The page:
Suppliers in France, the UK, Spain and Germany – in that order – are identified as the most sustainable. They have taken extensive measures despite comparatively low levels of exposure to climate risk. However, the report notes a year-on-year decline in the percentage of German suppliers implementing a number of key environmental performance indicators, such as having a climate risk management processes in place, which has dropped from 82% to 72%.
Japan is the only country with suppliers that are well-equipped to respond to high climate risks.They have some of the highest levels of emissions reporting, target setting and climate risk awareness.
Suppliers in China, Italy and United States are found to be vulnerable. An imbalance between high exposure to climate risk and the steps that suppliers have taken in response leaves room for improvement in these geographies.
Even so, the United States has been identified by CDP as a polarized market, given that the majority constituent of the CDP Supplier Climate Performance Leadership Index - those suppliers identified as taking the most positive actions to address climate change – are headquartered in America.
Brazil, Canada and India must do more as suppliers there who participated in the research report fewer emission reduction initiatives than the global average.
A collaborative approach and profitable emissions reductions initiatives give China and India a competitive edge. Suppliers in China and India offer the best return on investment in terms of emissions reductions and monetary savings. Further, suppliers in both markets demonstrate the highest propensity to collaborate with partners across the value chain in order to reduce climate risk.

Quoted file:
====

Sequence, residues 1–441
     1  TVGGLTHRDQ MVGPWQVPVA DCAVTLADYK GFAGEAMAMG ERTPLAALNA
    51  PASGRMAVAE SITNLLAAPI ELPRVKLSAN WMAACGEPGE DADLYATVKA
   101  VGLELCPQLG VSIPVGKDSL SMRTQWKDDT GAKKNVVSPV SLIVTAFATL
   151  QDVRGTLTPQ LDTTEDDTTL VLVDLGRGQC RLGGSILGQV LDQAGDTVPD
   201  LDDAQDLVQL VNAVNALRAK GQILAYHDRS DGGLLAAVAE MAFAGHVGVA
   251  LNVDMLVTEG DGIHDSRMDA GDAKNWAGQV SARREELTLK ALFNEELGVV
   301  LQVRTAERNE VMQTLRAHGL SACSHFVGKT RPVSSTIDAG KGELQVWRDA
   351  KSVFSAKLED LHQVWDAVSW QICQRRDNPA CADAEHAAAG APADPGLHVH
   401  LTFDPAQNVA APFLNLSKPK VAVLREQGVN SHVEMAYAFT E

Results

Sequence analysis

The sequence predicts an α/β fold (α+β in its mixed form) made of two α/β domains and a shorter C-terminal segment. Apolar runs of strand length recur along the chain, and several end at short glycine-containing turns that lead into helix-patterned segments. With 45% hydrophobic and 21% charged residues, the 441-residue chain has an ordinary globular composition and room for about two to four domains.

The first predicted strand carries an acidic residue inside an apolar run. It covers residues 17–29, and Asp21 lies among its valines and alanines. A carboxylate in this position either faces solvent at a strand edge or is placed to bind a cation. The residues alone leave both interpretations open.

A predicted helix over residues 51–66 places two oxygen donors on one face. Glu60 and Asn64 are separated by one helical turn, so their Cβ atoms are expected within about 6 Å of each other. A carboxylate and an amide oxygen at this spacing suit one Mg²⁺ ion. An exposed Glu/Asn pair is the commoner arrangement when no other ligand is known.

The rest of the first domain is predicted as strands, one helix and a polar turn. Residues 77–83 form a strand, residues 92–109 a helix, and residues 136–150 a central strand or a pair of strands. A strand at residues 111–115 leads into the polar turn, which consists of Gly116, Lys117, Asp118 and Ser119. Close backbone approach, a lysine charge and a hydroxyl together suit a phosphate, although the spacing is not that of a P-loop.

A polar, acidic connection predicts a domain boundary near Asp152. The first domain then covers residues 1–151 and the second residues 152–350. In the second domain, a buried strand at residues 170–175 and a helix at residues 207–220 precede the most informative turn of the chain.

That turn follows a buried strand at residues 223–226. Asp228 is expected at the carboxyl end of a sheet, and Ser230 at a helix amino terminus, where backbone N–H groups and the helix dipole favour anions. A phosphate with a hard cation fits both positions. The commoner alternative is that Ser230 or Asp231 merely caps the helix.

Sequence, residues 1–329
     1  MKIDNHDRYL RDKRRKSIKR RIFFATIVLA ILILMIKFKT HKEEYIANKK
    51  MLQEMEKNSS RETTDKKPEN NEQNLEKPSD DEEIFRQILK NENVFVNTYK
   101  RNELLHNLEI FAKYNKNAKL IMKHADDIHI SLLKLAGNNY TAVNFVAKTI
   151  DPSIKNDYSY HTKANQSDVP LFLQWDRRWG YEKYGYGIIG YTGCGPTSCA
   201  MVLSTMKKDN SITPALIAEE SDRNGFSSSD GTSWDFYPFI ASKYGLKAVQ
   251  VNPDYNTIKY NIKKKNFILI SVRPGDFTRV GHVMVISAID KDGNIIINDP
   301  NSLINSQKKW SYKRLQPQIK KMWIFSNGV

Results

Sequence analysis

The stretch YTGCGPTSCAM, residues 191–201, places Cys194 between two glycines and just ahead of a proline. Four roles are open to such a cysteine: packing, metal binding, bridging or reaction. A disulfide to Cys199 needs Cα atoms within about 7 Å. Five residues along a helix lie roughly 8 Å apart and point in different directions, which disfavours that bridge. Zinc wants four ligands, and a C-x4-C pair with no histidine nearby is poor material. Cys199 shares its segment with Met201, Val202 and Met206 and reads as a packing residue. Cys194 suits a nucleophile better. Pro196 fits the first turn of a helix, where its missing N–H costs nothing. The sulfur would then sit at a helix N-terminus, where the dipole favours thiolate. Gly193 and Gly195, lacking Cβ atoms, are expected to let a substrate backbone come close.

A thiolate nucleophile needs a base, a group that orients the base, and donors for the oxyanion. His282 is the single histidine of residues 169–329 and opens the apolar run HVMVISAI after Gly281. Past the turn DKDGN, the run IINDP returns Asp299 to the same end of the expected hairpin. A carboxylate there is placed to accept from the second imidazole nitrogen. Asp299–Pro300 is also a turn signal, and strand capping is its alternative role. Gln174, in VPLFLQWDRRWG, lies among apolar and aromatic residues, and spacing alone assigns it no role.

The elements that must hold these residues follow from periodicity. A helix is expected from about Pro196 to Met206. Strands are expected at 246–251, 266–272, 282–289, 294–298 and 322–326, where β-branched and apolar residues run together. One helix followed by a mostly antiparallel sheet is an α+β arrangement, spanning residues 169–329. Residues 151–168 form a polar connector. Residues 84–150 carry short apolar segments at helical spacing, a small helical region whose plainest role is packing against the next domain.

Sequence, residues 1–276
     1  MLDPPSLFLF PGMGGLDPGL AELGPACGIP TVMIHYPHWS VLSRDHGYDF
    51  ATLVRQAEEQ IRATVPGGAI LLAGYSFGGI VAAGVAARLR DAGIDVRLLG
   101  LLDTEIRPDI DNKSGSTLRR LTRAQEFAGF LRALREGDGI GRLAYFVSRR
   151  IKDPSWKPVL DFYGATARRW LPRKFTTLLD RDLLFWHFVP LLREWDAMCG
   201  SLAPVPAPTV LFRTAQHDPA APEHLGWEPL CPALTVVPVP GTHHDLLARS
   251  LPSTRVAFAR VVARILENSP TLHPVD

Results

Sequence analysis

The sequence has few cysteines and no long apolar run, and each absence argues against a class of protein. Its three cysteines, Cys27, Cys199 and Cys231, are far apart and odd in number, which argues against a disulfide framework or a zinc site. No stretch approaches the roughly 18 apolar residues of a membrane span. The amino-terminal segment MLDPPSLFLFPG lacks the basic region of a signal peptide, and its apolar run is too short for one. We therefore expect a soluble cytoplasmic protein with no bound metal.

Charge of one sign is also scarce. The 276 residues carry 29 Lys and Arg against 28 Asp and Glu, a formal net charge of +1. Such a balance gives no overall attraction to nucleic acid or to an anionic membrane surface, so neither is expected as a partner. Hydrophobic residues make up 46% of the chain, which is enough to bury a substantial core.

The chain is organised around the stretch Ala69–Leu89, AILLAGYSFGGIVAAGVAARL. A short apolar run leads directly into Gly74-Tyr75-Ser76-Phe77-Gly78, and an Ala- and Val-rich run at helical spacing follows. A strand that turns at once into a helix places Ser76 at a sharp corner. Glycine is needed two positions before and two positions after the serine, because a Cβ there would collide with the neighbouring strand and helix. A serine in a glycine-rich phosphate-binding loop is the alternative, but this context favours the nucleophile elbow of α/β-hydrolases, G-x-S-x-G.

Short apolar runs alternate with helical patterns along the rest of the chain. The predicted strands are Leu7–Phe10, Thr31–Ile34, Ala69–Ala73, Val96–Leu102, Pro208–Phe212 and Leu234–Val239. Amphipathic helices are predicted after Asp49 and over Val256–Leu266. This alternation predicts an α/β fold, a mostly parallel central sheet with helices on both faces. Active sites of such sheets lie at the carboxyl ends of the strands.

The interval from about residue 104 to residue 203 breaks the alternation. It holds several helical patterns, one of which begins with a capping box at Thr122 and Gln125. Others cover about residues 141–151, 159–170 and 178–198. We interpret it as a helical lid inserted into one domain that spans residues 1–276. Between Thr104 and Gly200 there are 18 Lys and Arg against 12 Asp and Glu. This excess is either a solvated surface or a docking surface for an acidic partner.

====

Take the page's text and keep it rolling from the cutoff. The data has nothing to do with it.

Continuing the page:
The global picture, which is presented alongside the country-by-country analysis, establishes some encouraging signs of global progress. More organizations than ever are assessing and reporting to CDP on their environmental impacts. The 3,396 companies that took part in the program this year represent a substantial increase of more than 40% in the past three years.
Further, the quantity and percentage of suppliers setting emissions targets, which is a crucial component of climate risk management, shows a steady upward trend: nearly half (48%) of suppliers set targets last year, compared to 44% in 2013 and 39% in 2012. There has also been an increase in the number of suppliers achieving emissions reductions since 2012, with the percentage rising from 34% to 40% in 2014. As suppliers become more advanced at carbon management, the number of companies realizing monetary savings from their actions to reduce emissions mirrors the rising trajectory, jumping from 29% in 2012 to 33% in 2014.
United Nations University-Institute for Environment and Human Security, World Risk Report 2014. See www.ehs.unu.edu/file/get/11895.pdf
The economies of Brazil, Canada, China, France, Germany, India, Italy, Japan, Spain, the UK and the USA were identified as the major markets most relevant to the purchasing organizations working with CDP, and as where CDP had sufficient data. A global overview is presented alongside market-by-market analysis within the report